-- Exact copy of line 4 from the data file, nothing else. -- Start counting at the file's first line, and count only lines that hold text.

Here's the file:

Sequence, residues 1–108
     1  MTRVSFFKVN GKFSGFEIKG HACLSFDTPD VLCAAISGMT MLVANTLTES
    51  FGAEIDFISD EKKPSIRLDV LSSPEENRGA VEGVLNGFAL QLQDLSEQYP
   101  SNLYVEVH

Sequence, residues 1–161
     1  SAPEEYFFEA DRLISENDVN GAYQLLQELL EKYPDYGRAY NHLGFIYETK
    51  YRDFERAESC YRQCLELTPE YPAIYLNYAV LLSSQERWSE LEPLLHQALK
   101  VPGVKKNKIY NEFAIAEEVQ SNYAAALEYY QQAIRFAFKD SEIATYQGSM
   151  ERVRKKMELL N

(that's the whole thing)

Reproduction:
   101  SNLYVEVH